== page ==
Sunday, November 13, 2011

Alone: a poem

The sun slowly draws its curtains as I tiptoe on its fading rays

Unspeakable winds befriend my already independent hair

And I walk, alone.

Looking on either side of my northbound compass

I drift past geometrical shapes of brick and stucco, gleaming metal, and healthy lawns

And I wonder, alone.

How have I earned the right to pass my presence through these streets?

Why am I here on this side of the fence?

And I discover, alone.

Nothing. I have done nothing.  

But neither have those on the other side,

those who have no rights, but roam the dusty concrete of misfortune.

And I admit, alone.

Birth intertwines with fate

Leading some to treasure as easily as it does others to barren wasteland

And I revel, alone.

For on either side of the wall, fortune and misfortune do not have to linger

And while I may have recognized a certain existence, this recognition,


is not sufficient.

And I must act, perhaps


Tuesday, November 8, 2011

Passion: Earth-bound or reaching outer-space?

Today I met a man whose heart is among the stars. He had a passion that was so obvious, it reached about a dozen community members within an hour. Passion is not uncommon. What is is it's infection of others--it's penetration within others' lives that's so powerful it makes someone interested despite previous knowledge.

His passion took form in a double-telescope set up pointedly outside the university library. It's black, sturdy legs held up two lenses aimed at the sky--the sun being the target of their gaze. He sat in a chair, gazing at the most important star we know, all the while asking others: "Want to take a look?"

I heard this question at least half a dozen times as I wrote a paper outside. Who was this man? What exactly was he looking at? I myself had been infected.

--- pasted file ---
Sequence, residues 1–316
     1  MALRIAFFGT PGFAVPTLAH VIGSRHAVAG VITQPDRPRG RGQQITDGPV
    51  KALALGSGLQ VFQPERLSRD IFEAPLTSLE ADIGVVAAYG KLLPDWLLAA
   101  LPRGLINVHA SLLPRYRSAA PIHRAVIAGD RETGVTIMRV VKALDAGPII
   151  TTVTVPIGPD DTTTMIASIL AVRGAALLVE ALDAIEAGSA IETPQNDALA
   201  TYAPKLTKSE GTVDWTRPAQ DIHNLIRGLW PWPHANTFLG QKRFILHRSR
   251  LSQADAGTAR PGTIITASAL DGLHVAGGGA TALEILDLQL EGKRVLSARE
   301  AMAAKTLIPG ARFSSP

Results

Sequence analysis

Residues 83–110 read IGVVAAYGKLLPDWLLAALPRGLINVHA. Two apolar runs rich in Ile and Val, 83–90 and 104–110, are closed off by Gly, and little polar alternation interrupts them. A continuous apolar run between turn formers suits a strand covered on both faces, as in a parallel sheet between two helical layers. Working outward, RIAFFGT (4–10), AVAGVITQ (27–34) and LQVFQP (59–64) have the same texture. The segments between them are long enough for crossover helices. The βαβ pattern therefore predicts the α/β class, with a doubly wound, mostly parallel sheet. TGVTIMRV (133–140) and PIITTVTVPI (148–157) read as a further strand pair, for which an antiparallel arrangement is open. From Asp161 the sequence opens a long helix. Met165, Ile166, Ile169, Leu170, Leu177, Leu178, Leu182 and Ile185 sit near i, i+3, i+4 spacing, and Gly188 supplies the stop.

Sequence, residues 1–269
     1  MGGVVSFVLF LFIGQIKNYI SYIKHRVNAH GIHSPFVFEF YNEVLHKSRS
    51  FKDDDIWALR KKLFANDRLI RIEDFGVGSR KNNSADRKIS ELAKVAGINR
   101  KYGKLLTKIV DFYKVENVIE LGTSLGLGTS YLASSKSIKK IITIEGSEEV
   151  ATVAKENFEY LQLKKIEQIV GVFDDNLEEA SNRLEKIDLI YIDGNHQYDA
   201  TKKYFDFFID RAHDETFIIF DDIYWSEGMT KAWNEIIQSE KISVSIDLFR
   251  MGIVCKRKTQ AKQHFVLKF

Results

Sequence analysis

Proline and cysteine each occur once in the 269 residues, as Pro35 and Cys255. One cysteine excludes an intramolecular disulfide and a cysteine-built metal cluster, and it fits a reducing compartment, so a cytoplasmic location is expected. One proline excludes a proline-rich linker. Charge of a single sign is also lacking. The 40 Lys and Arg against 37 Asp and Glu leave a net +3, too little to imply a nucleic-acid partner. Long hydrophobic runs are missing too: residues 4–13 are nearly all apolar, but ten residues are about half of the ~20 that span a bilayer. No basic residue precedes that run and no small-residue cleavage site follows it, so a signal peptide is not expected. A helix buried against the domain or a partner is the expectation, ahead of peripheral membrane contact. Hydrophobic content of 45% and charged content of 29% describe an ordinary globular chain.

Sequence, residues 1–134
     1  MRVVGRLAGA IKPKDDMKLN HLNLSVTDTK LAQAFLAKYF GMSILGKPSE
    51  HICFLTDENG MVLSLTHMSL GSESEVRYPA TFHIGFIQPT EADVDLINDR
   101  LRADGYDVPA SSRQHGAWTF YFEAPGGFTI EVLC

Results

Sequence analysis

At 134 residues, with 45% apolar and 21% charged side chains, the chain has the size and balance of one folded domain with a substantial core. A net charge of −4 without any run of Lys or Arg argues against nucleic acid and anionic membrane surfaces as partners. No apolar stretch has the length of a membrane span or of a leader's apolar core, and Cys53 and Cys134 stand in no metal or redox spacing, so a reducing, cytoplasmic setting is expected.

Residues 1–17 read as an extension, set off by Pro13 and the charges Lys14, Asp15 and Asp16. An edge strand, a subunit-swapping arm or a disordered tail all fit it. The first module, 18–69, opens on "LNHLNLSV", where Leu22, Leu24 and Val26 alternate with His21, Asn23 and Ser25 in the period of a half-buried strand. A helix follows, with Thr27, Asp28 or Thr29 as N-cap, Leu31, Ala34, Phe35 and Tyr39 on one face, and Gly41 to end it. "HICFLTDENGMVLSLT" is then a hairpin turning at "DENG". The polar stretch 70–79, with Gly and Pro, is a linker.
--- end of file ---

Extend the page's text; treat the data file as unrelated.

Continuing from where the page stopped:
I walked over as he was re-focusing the unfamiliar contraption in front of him and asked if I could take a look. "Here, sit down", he offered. "Those black dots you're seeing are sun spots," he continued. "Some are bigger than Jupiter." I looked through both lenses, one a red screen with black dots, the other also containing dots contrasted against background reminding me of the pumpkins now smashed on people's front porches. If he hadn't have told me, I would have thought these were atoms of some sort, maybe even specs of dust.

 What this man was looking at, he explained, were sun spots created by solar flares...something to do with convection circles, visible light and particles. But that's not the point. The point is this man shared his knowledge with me, despite the quantity. In doing so, he was sharing more than information, but emotion and excitement. I had never seen the sun through a telescope before. And I'm sure the other half dozen or so people he encountered hadn't either.

While some, like myself, approached him directly, he sought others out. He invited people into his world, regardless of how many thousands of miles outside our stratosphere it is. Students, faculty, professors--no one was overlooked. I sat in my chair after speaking with him, smiling like a lunatic and trying to focus on my paper.

Though this man works inside the library in the technology department, I loved that he was not limited to the confines of the building's stucco walls. Even better, it doesn't seem like he's confined within our own atmosphere either.